Cognitive Creativity as an Individual Difference in SLA research
Could more creative people be better second language learners? How do you define, measure and test creativity?
I will first introduce cognitive creativity, and discuss how the construct of cognitive creativity can be measured then briefly describe two empirical studies, one with 20 English L1 learners of Japanese L2 in the US, and one involving 52 Chinese L1 university students in the UK focusing on (a) linguistic production during a group oral interaction task, (b) the Torrance Test of Creative Thinking (TTCT), (c) the paperclip task, an alternative creativity test. I will conclude by contextualizing cognitive creativity as worthy of future investigation in SLA in general, and in cognitive-interactionist SLA and task-based learning in particular.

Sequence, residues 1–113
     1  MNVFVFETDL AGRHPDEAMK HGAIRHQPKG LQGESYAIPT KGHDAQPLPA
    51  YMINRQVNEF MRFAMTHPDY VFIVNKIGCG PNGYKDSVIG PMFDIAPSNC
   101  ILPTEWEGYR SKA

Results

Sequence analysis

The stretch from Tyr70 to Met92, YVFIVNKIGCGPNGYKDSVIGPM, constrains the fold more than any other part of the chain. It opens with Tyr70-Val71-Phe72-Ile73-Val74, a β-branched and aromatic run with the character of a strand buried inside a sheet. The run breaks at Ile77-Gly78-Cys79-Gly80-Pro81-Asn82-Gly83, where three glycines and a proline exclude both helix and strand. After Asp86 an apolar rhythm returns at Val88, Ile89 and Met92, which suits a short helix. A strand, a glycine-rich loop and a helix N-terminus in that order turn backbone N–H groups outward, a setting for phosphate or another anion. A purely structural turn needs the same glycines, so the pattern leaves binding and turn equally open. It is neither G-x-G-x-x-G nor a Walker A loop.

Alison Mackey is Professor of Linguistics at Georgetown University in Washington, DC and in summers, Professor of Applied Linguistics at Lancaster University in the UK. She researches how second languages are learned and how they might best be taught. She investigates second language learning across the lifespan, including how additional languages are learned at different ages, looking at both younger and older children, as well as college age, prime-of-life, and (in one study) elderly adults. She is also a leading expert in second language research methodology. Her work has been published in all of the top scholarly journals, as well as in edited collections published by Cambridge University Press, Oxford University Press, John Benjamins and others.